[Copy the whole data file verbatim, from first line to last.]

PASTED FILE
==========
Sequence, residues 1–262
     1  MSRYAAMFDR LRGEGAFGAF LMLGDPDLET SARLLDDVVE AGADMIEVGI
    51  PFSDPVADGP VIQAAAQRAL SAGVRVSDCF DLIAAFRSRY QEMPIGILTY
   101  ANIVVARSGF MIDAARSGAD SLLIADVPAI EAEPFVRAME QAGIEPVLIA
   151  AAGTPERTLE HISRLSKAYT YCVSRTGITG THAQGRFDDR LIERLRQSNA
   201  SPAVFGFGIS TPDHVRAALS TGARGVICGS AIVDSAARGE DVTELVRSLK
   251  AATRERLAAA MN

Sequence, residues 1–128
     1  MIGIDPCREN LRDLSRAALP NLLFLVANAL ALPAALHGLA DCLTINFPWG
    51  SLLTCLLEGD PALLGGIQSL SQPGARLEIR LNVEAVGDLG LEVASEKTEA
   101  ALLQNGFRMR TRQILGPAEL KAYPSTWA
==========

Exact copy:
Sequence, residues 1–262
     1  MSRYAAMFDR LRGEGAFGAF LMLGDPDLET SARLLDDVVE AGADMIEVGI
    51  PFSDPVADGP VIQAAAQRAL SAGVRVSDCF DLIAAFRSRY QEMPIGILTY
   101  ANIVVARSGF MIDAARSGAD SLLIADVPAI EAEPFVRAME QAGIEPVLIA
   151  AAGTPERTLE HISRLSKAYT YCVSRTGITG THAQGRFDDR LIERLRQSNA
   201  SPAVFGFGIS TPDHVRAALS TGARGVICGS AIVDSAARGE DVTELVRSLK
   251  AATRERLAAA MN

Sequence, residues 1–128
     1  MIGIDPCREN LRDLSRAALP NLLFLVANAL ALPAALHGLA DCLTINFPWG
    51  SLLTCLLEGD PALLGGIQSL SQPGARLEIR LNVEAVGDLG LEVASEKTEA
   101  ALLQNGFRMR TRQILGPAEL KAYPSTWA